Development of NDT Inspection Techniques For Heavy Wall Stainless Steel Piping Presented to National Pressure Equipment Conference February 9 – 11, 2005 Presented by: Larry Bartley - Canspec Group Inc. Plant Services Coordinator
Acknowledgements • Brian Beresford Canspec Group Inc. • David Mackintosh Canspec Group Inc. • Wayne Smith Oxy Vinyls, Canada • Hang Zheng Canspec Group Inc. • Gary Kroner Carbon Steel Inspection
Overview • Introduction • Detection method • Probe development • Test standard • Inspection of the test pipes • Analysis technique • Conclusions
Introduction • Canspec developed a nondestructive examination method for SA-312 TP 316L SS pipes: • NPS 3 in. diameter (0.121 in. wall thickness) and • NPS 6 in. diameter (0.146 in. wall thickness). • Examine pipes while in operation • Pipes in horizontal position • Pipes had been used to carry liquid vinyl chloride monomer (VCM) at 150 psig and approximately 17C since 1996. • Pipes were known to have corrosion pits on the internal surface.
Corrosion mechanism • Water condensates containing chlorides tended to gather at the bottom of the pipe, causing pitting on the internal surface. • Inside the pits, water and high concentrations of chloride ions collected. • Corrosion rate inside pits increased, eventually caused a large cavity inside the pipe wall.
Sample NPS 3 in. diameter test piece
Choice of NDE Method • Factors in decision: material, size of pipes, type of defects • Eddy current was considered to be the best choice. • Eddy current has good sensitivity to corrosion pits on the pipe internal surface while scanning from the outside. • Eddy current allows a fast and efficient inspection of the pipes while the plant is in operation.
Probe Development • Probe consisted of a differential coil embedded in a hand-held housing. • Two stainless steel bars maintained constant clearance between the coils and the pipe surface and provided wear resistance • Probe is hand-held for easy scanning along the pipe surface.
Test Standard • A section of the test pipe (NPS 3 in.) was longitudinally split in half and one half was made to be a test standard piece. • Defects: four 3/64 in. (0.047 in.) diameter drilled holes of depths 100%, 75%, 50% and 20% wall. • Natural corrosion pit about 0.05 in. diameter, 0.032 in. deep (26% wall loss) • Tests indicated good sensitivity to the shallowest hole (20% wall loss). • The calibrated test system could detect and size the natural pit.
Permeability variation • A simulated permeability variation was also added to the test standard piece. • Objective: to set the system to differentiate irrelevant indications due to permeability variations.
Inspection Results —Flaws detected: • Through-wall pinhole • Inside diameter indication, 90% wall-loss pit. • Inside diameter indication, 20% wall-loss pit. (All above defects located at the bottom of the pipe.)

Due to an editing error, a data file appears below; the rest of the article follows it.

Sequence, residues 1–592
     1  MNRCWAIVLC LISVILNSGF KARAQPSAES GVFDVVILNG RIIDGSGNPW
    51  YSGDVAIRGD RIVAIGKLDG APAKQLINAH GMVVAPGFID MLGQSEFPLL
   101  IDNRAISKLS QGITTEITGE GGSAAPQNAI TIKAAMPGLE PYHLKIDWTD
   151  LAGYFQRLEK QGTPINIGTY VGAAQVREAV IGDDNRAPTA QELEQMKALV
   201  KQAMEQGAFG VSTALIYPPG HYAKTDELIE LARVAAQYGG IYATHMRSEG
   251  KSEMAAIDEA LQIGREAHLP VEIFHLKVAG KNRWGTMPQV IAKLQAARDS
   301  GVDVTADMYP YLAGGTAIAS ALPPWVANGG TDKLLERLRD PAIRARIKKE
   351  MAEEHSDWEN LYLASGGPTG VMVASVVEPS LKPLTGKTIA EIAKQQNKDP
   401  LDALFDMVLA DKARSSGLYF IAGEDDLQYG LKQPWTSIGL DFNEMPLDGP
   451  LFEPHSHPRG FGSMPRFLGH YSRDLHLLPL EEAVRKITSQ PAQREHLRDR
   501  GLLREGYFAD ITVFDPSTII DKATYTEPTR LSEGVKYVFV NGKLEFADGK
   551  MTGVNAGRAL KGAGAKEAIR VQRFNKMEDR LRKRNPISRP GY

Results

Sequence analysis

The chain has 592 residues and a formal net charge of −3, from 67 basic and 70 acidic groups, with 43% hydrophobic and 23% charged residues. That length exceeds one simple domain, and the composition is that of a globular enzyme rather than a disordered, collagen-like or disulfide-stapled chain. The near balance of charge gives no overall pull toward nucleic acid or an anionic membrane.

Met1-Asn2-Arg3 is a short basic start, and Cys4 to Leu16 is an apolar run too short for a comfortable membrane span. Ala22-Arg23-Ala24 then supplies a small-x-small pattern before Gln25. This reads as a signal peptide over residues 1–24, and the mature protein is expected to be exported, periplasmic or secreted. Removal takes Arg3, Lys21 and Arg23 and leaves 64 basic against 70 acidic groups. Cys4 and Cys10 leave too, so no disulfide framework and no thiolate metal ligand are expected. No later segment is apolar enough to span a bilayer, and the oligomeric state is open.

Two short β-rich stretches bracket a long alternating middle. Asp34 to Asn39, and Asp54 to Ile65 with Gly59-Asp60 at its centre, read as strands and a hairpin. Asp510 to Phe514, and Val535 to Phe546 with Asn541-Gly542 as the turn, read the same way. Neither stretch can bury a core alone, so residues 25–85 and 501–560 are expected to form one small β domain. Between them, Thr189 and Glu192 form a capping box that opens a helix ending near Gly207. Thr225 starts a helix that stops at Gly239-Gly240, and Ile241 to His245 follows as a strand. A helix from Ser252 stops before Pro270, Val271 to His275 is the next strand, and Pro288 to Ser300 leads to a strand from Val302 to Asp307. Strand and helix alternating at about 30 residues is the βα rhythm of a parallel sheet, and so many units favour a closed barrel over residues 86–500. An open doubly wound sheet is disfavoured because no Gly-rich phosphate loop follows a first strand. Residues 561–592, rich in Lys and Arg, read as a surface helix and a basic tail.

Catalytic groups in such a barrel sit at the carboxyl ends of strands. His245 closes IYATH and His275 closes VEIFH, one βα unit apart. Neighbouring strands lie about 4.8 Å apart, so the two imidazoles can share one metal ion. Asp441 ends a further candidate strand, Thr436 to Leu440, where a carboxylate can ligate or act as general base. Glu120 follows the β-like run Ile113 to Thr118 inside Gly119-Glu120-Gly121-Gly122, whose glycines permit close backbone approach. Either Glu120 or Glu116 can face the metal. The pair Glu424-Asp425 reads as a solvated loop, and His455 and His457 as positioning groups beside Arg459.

Visual Verification • Pipe was longitudinally split in half, and internal surface was cleaned by wire brush. • Small diameter pits could be seen at locations predicted by eddy current examination.
Results from the Pit Called at 90% • Metallographic examination revealed a 1 mm diameter opening on the pipe internal surface. • Inside the pipe wall, the pit broadened to an area of 3.5 × 5 mm. • Wall loss was physically measured to be 90%.
Scanning electron microscope (SEM) image of the cross section of the 90% pit.
Results from the Shallow Pit • Diameter 0.04 in., depth 0.020 in. (17% wall loss). • Results verified that the system met the required sensitivity to 25% wall loss.
Inspection of the Test Pipes (cont’d) View of the 20% pit from the internal surface • The second indication was a 0.04 in. diameter, 0.020 in. deep pit which accounted for a 17% wall loss. More importantly, the system could detect a pit where the wall loss was as small as 17%, which met the required 25% wall loss criteria.
Analysis Technique Data Analysis • An inspection and analysis procedure was developed specifically for the pipes to be inspected. • The procedure detailed the equipment required, the calibration standard, the operation parameters and procedure. • Methods of identifying irrelevant indications were specifically addressed.
Analysis Technique (Cont’d) • ASME standard 100% 60% 20%
Analysis Technique (Cont’d) • Permeability Mix Standard Perm 100% Test Pipe
Analysis Technique (Cont’d) • Defect in test pipe 17% wall loss
Continued NDE • Inspection of another NPS 3 in.-diameter pipe in the plant showed an indication different from pit-like indication. • Subsequent metallographic examination of this area revealed longitudinally-oriented crack-like defects associated with corrosion. • The defects were up 0.025 in. deep inside the pipe, which accounted for a 20% wall loss.
Conclusions • Pitting was caused by chloride corrosion as a result of moisture in the liquid VCM in the pipe. • The wall loss measured from the cross section of the pit was 90%, which confirmed the eddy current inspection results. • The inspection system can detect pits larger than 20% wall loss, which meets the 25% wall loss criteria required by the customer.
Conclusions • The system can give a reasonably good estimation of the amount of wall loss and the size of a pit within its resolution ranges. • The system can also detect crack-like defects associated with corrosion. • The system has the ability to eliminate false indications caused by permeability variations.
Thank You (www.canspec.com)